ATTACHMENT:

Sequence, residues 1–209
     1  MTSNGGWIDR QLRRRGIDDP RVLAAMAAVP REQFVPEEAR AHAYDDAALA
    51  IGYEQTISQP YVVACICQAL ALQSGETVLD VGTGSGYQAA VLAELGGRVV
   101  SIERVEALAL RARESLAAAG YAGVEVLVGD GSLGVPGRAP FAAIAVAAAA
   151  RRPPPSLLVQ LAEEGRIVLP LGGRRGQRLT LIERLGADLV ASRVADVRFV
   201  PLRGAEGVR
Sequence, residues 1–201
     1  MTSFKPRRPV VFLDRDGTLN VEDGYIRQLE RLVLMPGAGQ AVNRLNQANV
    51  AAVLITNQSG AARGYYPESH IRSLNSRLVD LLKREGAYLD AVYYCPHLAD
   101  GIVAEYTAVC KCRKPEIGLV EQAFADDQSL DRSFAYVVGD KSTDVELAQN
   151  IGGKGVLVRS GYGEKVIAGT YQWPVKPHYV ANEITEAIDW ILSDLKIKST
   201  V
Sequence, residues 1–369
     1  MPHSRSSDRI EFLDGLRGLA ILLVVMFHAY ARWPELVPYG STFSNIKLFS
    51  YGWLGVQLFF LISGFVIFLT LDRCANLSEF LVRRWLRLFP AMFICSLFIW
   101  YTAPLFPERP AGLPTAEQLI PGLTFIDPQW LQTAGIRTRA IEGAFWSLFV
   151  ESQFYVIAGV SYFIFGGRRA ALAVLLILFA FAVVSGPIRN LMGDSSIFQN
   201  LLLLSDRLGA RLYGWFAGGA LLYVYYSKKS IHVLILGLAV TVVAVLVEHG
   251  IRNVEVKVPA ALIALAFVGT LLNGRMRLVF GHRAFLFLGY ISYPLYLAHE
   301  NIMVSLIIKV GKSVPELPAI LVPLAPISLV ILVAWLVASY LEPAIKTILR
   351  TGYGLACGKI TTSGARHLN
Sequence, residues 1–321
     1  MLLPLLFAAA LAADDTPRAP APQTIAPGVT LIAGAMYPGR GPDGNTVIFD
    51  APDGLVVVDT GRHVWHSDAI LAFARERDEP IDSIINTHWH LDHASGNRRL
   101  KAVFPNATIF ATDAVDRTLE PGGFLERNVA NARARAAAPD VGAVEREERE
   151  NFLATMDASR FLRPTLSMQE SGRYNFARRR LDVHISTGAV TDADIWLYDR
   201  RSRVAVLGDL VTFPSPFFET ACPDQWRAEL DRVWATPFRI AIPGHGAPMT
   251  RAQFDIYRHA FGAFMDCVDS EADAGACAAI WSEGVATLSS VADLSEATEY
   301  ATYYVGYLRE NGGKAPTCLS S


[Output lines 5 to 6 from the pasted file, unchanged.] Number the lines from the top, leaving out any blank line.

   151  RRPPPSLLVQ LAEEGRIVLP LGGRRGQRLT LIERLGADLV ASRVADVRFV
   201  PLRGAEGVR